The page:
A Note or Comment is a work of legal scholarship written by a law journal student, generally during his or her 2L year and the first year he or she is a member of a law journal. Notes or Comments may be selected for publication in the law journal. Articles, in contrast, typically are written by non-students, such as law professors or experts in certain subject areas.
Law schools differ in what they consider to be a Note versus a Comment. For instance, the Yale Law Journal defines a Note as a work of legal scholarship that "should advance a particular area of legal scholarship beyond its current state, make a detailed argument, and provide persuasive evidence for each of its conclusions," whereas the Yale Law Journal defines a Comment as a piece of legal scholarship that "should present a concise yet still original argument and have minimal literature review. Comments often (but need not necessarily) respond to a recent development in the law, such as cases, legislation, law review articles, lawsuits, administrative rulings, and executive orders." In contrast, other law journals, such as those at Northwestern Pritzker School of Law, view Notes as works of legal scholarship that primarily analyze recent court decisions, whereas they define Comments as works of legal scholarship that "more broadly consider an issue of law."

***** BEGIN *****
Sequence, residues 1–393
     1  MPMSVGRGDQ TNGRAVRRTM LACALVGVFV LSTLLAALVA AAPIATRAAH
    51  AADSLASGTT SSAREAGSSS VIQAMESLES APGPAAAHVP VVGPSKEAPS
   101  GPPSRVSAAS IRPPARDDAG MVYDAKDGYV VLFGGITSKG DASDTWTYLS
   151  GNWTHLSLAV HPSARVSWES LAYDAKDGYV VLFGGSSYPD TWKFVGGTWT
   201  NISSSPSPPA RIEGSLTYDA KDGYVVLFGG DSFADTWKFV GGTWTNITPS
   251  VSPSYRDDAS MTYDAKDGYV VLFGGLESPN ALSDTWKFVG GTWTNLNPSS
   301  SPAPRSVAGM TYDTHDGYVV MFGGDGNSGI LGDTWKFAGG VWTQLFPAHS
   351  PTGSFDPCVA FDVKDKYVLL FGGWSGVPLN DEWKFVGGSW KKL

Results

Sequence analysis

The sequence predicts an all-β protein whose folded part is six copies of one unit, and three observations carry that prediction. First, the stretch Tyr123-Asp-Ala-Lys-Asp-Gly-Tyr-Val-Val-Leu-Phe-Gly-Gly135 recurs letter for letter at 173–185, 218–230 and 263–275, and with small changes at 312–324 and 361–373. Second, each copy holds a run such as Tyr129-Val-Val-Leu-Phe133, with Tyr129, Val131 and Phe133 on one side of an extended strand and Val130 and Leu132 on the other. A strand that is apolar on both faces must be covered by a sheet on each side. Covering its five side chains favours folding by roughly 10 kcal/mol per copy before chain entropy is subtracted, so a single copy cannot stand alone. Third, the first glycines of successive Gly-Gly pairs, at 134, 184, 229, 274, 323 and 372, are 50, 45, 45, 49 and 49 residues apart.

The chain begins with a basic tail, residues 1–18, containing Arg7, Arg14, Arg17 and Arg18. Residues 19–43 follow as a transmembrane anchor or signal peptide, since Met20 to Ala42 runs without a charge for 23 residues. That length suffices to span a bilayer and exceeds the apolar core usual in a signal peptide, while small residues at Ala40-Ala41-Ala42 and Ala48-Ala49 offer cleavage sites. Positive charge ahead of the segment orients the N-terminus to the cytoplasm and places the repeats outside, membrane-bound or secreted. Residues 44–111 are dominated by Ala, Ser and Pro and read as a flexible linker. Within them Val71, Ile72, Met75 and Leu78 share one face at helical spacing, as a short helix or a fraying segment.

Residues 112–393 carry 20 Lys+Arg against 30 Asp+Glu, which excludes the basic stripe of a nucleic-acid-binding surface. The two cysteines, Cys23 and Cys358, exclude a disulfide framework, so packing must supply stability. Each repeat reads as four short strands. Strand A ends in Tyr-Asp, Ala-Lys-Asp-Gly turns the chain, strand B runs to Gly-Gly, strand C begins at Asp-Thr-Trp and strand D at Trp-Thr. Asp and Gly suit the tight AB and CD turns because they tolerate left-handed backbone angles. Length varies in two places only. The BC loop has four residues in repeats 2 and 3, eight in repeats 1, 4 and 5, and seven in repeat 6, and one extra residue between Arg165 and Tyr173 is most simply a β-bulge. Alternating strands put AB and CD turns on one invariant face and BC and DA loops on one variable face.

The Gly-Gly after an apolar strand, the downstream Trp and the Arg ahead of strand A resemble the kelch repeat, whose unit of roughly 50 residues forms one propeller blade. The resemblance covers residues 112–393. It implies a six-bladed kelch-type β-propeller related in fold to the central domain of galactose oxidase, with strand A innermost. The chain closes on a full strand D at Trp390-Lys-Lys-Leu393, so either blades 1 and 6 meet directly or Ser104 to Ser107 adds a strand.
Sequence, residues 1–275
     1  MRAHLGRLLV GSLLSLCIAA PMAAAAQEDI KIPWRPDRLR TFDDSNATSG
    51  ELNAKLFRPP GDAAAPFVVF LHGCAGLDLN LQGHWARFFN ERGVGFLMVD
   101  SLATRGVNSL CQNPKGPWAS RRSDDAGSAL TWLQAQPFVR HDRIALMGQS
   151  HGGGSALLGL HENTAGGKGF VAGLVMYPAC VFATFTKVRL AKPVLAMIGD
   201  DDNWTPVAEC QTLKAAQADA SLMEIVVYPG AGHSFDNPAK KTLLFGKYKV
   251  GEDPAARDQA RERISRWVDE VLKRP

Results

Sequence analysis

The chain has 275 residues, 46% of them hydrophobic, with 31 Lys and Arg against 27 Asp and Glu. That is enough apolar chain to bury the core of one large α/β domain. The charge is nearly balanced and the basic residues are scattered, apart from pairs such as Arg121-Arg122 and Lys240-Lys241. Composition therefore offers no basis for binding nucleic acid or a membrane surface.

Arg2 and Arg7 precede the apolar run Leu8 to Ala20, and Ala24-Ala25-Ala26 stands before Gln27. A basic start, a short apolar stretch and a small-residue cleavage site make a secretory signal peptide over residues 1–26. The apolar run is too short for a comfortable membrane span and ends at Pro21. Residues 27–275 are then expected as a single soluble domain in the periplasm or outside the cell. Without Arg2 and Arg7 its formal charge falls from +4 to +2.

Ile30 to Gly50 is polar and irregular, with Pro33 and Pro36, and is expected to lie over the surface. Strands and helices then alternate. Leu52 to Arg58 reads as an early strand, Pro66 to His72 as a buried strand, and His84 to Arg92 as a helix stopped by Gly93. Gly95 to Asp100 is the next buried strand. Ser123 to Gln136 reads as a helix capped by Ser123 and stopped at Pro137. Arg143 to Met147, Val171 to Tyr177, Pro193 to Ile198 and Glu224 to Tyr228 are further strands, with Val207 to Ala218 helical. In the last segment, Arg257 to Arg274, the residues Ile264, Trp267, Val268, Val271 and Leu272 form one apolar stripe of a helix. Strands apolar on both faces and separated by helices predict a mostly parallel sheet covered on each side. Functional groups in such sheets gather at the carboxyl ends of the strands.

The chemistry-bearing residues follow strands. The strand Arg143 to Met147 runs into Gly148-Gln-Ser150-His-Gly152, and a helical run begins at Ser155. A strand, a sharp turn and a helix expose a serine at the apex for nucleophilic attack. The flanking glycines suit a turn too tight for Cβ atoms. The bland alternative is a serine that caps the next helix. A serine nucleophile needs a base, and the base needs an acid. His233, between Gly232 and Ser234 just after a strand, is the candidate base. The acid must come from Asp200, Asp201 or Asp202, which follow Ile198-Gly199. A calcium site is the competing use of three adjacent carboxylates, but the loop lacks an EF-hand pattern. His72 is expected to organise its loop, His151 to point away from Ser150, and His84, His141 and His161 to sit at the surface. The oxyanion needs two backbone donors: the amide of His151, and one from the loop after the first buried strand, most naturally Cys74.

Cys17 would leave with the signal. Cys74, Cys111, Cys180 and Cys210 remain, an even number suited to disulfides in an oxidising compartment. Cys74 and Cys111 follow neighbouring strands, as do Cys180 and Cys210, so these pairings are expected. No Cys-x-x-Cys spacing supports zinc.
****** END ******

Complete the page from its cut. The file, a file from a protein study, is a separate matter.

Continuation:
Your Note or Comment must follow your law journal's formatting specifications regarding margins, spacing, font, font size, and number of required pages.
Patrick Eoghan Murray, Write on! A Guide to Getting on Law Review (2014) (unpublished paper posted on SSRN).
Andrew Yaphe, Taking Note of Notes: Student Legal Scholarship in Theory and Practice, 62 J. Legal Educ. 259 (2012).
HeinOnline | SSRN (draft). Critiques books by Volokh and by Fajans & Falk above and empirically analyzes published notes.
Christian C. Day, In Search of the Read Footnote: Techniques for Writing Legal Scholarship and Having It Published, 6 Legal Writing: J. Legal Writing Inst. 229 (2000). HeinOnline
Mary Kay Kane, Some Thoughts on Scholarship for Beginning Teachers, 37 J. Legal Educ. 14 (1987). HeinOnline
Jacqueline D. Lipton, Tenure Redux, IDEA (forthcoming fall 2019), SSRN (discusses writing style, subject matter, and journal placement for tenure work).
Hiroshi Motomura, Setting a "Scholarly Agenda," 10 St. Louis U. Pub. L. Rev. 175 (1991). HeinOnline
Donald J. Weidner, A Dean’s Letter to New Law Faculty About Scholarship, 44 J. Legal Educ. 440 (1994). HeinOnline
Sean Burke, How to Write a Law Review Article, 99 J. Patent & Trademark Off. Soc'y 113 (2017). HeinOnline. Advice from the journal's outgoing editor-in-chief.
Linda H. Edwards, A Writing Life, 61 Mercer L. Rev. 867 (2010). HeinOnline.
Gerald Lebovits, Academic Legal Writing: How to Write and Publish, N.Y. St. B. Ass'n J., Jan. 2006, at 64. HeinOnline.
Robert Luther III, Practical Tips for Placing and Publishing Your First Law Review Article, 50 U. Rich. L. Rev. Online 63 (2016).
What if you get an email out of the blue in which a publisher (e.g., Lambert Academic Publishing) offers to publish your thesis?
Read Joseph Stromberg, I Sold My Undergraduate Thesis to a Print Content Farm, Slate (March 23, 2014).